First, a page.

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Off the beaten path

Monument marks Mormon exodus from Jackson to Clay to Ray County

A granite monument off South Liberty Parkway in Clay County marks an area in which many Mormons settled after being expelled from Jackson County in 1833. Located on property once owned by farmer Michael Arthur, ‘Zion’s Camp’ was also the destination of a 200-person pilgrimage Mormon prophet Joseph Smith led from Ohio in a failed effort to restore Mormon property in Jackson County. (Photo by David Knopf/Richmond News)

A granite monument off South Liberty Parkway in Clay County marks an area in which many Mormons settled after being expelled from Jackson County in 1833. Located on property once owned by farmer Michael Arthur, ‘Zion’s Camp’ was also the destination of a 200-person pilgrimage Mormon prophet Joseph Smith led from Ohio in a failed effort to restore Mormon property in Jackson County. (Photo by David Knopf/Richmond News)

By David Knopf-News Editor

I’m writing this in the first person because it’s a tale of discovery.

In five years working in Ray County, my urban/suburban roots have been transformed by the county’s natural beauty. I’ve grown passionate about the landscape and animals, and almost daily I get pleasure photographing the hills, roads, farms and crops, the river bottom, trees, sunrises and sunsets.

I’ve always loved animals, but now images of hawks, burros, horses, cows, sheep, geese, deer, fox and birds have joined the many cats and dogs I hunt with a camera.

If it weren’t for Ray’s countryside, I might never have seen or taken pictures of those elusive coyotes in the wild. My to-do list still includes owls – I’ve just seen one in five years – and bobcats, of which I’ve seen none.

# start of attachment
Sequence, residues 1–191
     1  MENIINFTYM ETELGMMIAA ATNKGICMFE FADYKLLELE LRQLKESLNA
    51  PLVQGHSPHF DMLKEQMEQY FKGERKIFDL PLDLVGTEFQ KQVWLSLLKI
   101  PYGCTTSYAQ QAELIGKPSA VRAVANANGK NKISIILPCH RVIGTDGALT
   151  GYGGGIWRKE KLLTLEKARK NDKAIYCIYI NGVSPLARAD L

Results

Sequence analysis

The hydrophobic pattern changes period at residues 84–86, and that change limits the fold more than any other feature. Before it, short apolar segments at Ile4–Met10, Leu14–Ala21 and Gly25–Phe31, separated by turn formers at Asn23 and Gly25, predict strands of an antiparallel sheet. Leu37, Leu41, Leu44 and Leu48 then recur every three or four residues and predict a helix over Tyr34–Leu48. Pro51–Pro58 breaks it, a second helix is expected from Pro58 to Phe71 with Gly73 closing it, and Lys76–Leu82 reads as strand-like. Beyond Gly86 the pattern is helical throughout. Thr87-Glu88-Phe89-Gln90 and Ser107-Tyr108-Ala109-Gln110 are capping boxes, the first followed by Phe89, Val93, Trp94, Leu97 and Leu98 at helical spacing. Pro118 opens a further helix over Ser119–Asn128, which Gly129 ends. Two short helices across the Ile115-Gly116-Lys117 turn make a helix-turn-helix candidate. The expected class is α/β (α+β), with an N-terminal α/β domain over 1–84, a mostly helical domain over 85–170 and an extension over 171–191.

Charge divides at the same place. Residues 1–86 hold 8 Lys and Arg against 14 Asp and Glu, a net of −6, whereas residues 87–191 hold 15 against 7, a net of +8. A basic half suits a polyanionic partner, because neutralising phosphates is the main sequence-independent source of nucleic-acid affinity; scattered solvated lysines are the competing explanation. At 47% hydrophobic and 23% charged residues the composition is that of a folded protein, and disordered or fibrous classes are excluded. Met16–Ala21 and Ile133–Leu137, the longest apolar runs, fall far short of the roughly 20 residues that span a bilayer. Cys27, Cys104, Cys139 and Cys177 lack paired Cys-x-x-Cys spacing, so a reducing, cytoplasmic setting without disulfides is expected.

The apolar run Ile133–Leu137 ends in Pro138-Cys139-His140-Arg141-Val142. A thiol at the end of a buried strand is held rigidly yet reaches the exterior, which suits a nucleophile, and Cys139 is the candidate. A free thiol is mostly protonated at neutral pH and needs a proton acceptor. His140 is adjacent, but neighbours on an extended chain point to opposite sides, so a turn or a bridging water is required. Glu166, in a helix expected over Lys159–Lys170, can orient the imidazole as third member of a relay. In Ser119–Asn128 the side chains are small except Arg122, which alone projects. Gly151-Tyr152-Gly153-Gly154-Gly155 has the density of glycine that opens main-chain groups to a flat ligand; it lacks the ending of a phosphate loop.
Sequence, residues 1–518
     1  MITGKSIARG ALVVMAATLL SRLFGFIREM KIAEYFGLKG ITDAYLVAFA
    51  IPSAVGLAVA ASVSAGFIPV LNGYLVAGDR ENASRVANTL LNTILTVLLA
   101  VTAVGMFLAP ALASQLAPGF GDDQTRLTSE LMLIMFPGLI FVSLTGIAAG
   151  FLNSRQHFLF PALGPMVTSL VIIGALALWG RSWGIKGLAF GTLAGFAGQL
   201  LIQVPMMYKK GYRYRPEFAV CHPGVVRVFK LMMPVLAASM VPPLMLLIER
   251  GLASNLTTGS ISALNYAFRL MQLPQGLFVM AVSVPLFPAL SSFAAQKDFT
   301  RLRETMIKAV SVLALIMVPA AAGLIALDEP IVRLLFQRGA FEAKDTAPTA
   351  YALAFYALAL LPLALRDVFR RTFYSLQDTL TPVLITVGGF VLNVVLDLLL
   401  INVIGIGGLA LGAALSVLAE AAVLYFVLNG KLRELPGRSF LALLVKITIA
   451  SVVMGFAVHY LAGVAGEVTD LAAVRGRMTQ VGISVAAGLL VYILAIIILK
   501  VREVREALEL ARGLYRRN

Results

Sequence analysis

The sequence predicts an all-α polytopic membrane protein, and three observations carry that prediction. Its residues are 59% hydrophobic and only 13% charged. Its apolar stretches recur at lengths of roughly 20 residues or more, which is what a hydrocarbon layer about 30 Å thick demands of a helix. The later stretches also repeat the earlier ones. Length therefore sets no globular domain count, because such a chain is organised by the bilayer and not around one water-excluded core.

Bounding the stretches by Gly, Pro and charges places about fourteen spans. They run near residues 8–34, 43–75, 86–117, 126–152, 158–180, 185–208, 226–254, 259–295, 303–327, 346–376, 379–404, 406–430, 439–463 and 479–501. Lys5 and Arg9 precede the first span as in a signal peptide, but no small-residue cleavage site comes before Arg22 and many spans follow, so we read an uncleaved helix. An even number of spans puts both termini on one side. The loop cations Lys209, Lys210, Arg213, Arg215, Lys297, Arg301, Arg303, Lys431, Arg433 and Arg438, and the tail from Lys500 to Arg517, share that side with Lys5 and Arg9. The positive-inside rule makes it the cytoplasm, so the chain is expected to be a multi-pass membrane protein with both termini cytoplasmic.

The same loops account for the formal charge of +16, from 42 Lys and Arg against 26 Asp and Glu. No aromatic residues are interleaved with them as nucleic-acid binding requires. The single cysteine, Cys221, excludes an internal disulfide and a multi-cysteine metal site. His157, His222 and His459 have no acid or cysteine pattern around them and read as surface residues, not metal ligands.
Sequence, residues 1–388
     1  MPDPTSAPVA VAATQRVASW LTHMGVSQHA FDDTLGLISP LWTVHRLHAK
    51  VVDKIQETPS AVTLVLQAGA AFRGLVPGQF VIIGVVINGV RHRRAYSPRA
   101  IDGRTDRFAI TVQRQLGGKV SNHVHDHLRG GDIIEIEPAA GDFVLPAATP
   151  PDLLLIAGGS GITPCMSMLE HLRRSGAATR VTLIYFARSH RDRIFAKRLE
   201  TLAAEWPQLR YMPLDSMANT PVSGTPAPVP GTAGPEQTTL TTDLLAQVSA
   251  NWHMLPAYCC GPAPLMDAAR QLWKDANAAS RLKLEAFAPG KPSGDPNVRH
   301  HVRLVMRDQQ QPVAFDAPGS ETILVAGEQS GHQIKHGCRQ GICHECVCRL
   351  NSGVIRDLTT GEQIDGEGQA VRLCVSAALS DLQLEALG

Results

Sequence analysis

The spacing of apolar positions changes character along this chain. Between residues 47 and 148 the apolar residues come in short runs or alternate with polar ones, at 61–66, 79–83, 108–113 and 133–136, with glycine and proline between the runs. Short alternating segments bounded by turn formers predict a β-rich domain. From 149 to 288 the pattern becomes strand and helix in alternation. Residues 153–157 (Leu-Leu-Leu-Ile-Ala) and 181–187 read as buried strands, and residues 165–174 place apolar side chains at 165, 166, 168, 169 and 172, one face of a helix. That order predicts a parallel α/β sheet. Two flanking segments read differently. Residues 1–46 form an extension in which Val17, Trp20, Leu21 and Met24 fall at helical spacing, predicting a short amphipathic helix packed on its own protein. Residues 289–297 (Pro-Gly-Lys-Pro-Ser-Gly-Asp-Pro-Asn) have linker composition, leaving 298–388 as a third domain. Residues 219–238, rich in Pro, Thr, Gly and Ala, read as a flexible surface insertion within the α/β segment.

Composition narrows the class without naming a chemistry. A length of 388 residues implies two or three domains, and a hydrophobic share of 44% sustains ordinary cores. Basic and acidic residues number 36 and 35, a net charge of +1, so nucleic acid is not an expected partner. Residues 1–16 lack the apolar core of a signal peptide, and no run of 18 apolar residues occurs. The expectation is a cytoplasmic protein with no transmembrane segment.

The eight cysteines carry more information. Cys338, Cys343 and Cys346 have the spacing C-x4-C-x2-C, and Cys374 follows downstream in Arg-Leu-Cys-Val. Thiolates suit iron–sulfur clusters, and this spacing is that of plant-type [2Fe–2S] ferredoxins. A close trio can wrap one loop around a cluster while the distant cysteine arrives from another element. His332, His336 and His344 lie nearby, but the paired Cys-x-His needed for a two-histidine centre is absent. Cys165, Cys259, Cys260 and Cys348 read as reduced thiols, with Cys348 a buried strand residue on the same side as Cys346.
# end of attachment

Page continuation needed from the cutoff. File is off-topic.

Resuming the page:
Those are sightings you can’t predict without going to the zoo. But in Ray County, I never know what I’ll see.

Wandering is what makes all this possible, and the gravel dust on and in my car attests to my back-road meandering.

One day last week, I veered off the straight and narrow and found some beauty and a rich link to Ray County’s early history in my own backyard.

I’d turned off South Liberty Parkway to get a photo of a brilliant orange sun rising through a line of trees. When I was done, I continued on Campbell Drive, a Clay County two-lane as bumpy as anything Ray County offers, looking for a place to turn around.

But on my right, I spotted a tall, four-sided monument behind an impressive stone and wrought-iron fence. It was a remote area, surrounded mostly by trees, a dilapidated farmhouse and an overgrown pasture pocked by junk cars and other trash. I stopped to get photos of this monument in what seemed to me a most unlikely spot.

It wasn’t until I was in the office and could enlarge them that I was able to read the engraving. The monument that was erected marks a spot where Mormons settled after being expelled from Jackson County. It would be just a few years before they were chased out again, this time for Caldwell County, and later, Daviess and Ray counties.

The complete story is in the Thursday, Dec. 18, 2014 Richmond News.

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